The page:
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Keywords:

  • Vocal atrophy;
  • aging voice;
  • presbylarynges;
  • Level of Evidence: 2b

Abstract

Objectives/Hypothesis:

The current trends in geriatric voice referrals including the number of patients over the age of 65 years seen per year, the common diagnostic patterns, and specifically the number of patients with vocal atrophy were assessed.

Study Design:

Retrospective cohort study.

Methods:

A retrospective chart review of all patients seen at the Emory Voice Center for otolaryngologic complaints between the years of 2004 and 2009 was performed.

Results:

Of the 6,360 patients seen over a 6-year period, 21% were over the age of 65 years. Fifty-eight percent of patients over the age of 65 years had vocal complaints, with the most common diagnoses being vocal atrophy (25%), neurologic vocal dysfunction (23%), and vocal fold immobility (19.2%). Of those patients diagnosed with vocal atrophy, the majority opted for voice therapy (57%), followed by reassurance (39%), and injection laryngoplasty (6%). There was a statistically significant improvement in mean pretherapy and post-therapy voice-related quality of life (VRQOL) score.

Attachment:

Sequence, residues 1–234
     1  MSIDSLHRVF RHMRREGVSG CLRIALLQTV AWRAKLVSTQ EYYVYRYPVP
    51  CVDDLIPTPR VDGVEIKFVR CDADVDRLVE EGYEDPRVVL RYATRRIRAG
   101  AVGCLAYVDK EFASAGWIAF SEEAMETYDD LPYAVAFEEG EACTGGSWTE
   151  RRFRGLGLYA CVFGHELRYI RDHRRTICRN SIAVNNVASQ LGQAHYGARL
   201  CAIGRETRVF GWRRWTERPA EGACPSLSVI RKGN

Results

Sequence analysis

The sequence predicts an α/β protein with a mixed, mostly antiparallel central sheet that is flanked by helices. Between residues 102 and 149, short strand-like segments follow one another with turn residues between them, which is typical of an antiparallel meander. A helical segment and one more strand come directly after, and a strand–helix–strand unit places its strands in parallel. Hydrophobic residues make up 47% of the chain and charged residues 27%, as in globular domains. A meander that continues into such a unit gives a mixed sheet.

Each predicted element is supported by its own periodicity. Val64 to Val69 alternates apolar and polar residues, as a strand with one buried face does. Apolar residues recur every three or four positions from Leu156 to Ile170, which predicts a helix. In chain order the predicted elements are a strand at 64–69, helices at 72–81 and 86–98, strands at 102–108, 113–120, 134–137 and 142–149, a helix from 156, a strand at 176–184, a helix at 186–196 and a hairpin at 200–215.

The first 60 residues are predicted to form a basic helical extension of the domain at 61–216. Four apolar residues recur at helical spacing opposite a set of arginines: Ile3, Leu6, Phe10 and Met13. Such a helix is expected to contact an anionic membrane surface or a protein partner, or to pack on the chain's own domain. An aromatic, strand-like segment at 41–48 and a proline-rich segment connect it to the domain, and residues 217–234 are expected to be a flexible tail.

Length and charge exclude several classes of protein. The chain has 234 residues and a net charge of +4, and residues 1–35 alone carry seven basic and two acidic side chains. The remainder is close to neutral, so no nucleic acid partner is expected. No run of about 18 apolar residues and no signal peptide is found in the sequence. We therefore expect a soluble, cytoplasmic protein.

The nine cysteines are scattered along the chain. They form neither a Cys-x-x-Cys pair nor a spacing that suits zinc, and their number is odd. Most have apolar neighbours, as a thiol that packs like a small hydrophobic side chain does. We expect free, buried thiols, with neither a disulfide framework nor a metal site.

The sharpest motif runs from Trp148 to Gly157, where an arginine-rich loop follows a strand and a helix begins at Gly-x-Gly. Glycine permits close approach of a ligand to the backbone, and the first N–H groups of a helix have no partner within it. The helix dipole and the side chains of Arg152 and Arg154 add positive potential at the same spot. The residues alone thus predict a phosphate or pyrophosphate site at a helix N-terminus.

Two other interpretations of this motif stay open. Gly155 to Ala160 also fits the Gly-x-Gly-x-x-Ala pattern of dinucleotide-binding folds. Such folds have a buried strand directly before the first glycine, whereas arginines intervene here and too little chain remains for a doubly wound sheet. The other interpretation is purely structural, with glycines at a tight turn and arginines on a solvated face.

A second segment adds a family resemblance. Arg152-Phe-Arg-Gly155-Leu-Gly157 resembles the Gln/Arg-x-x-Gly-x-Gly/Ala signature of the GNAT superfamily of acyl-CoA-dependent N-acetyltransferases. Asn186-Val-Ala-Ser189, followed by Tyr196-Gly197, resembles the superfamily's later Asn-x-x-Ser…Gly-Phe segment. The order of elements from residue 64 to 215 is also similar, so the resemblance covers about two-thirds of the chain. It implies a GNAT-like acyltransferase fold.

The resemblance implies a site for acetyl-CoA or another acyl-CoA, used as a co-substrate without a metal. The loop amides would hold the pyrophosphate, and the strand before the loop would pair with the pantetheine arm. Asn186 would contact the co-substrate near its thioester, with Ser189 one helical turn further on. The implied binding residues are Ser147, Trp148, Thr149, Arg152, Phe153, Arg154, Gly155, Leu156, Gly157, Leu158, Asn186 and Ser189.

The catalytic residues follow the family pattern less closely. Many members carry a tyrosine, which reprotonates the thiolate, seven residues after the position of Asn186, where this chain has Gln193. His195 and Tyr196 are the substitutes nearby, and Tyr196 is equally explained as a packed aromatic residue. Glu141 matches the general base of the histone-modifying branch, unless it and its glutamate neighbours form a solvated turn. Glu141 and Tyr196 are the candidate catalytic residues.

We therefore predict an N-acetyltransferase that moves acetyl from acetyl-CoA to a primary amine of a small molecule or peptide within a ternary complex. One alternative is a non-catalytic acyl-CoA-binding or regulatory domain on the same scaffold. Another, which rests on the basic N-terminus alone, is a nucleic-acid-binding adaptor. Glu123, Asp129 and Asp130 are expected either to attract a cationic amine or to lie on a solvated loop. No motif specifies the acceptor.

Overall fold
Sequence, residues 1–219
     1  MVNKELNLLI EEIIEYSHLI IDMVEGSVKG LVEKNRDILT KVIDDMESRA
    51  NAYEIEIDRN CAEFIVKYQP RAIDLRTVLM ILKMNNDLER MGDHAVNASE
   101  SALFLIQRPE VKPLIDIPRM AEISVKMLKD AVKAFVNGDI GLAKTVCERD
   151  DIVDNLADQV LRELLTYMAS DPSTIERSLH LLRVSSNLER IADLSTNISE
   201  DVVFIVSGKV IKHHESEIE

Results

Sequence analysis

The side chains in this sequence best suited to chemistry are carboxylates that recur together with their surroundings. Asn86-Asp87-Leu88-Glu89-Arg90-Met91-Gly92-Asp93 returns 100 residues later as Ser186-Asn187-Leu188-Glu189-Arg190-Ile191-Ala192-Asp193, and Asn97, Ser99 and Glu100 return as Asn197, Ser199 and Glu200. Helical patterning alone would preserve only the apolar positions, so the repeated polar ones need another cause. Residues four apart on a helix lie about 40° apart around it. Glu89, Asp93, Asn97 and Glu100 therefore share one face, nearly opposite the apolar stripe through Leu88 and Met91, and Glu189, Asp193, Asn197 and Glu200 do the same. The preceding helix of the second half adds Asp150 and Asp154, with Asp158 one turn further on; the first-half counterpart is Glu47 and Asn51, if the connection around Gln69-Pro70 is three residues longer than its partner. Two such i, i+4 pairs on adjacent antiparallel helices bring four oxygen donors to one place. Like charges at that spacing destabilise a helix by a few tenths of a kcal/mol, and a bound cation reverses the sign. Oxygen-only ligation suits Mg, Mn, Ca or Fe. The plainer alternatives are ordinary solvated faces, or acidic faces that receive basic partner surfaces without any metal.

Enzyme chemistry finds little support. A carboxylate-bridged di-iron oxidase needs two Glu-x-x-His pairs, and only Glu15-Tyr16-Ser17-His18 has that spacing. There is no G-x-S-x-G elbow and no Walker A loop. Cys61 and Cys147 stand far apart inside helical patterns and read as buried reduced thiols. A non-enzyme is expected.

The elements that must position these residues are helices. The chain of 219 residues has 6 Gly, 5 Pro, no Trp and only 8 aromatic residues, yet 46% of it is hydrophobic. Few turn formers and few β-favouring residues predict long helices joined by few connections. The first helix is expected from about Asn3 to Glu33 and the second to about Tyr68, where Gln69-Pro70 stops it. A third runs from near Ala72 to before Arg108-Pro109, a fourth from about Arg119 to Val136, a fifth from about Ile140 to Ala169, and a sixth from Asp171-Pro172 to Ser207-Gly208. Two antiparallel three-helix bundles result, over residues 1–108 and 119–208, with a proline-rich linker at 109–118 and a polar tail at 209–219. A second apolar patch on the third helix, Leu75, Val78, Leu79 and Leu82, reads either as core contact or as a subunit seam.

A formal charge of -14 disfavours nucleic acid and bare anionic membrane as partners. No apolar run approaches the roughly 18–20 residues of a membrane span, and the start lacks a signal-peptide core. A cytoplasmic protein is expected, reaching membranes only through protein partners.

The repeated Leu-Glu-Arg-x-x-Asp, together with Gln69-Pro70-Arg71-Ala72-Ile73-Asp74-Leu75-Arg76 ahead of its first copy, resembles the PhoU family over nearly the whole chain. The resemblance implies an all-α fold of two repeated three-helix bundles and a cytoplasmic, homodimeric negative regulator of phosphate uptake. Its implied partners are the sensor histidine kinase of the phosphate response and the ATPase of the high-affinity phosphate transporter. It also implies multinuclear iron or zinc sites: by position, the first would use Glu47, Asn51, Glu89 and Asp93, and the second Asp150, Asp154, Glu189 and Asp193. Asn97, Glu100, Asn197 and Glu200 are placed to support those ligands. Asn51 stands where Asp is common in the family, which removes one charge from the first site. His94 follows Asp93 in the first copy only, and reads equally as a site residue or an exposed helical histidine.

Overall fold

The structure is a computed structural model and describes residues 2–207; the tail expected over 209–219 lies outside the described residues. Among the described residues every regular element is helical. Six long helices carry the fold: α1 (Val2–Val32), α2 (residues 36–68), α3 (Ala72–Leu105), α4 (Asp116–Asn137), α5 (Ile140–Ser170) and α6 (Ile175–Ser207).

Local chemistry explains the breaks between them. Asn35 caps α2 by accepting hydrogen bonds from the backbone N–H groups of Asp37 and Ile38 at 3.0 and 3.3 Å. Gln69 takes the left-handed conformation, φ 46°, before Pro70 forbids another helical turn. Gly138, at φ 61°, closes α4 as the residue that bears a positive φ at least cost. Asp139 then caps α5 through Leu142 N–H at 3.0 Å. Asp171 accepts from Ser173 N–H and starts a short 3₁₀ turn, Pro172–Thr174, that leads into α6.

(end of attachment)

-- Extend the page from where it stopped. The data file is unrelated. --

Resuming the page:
Conclusions:

As the number of people in the over 65-year-old age bracket increases, so do the number of geriatric referrals. Although diagnostic trends remain the same, vocal atrophy is becoming more prevalent, with a large number of patients seeking intervention. This will likely result in an increased need for health resources in the future.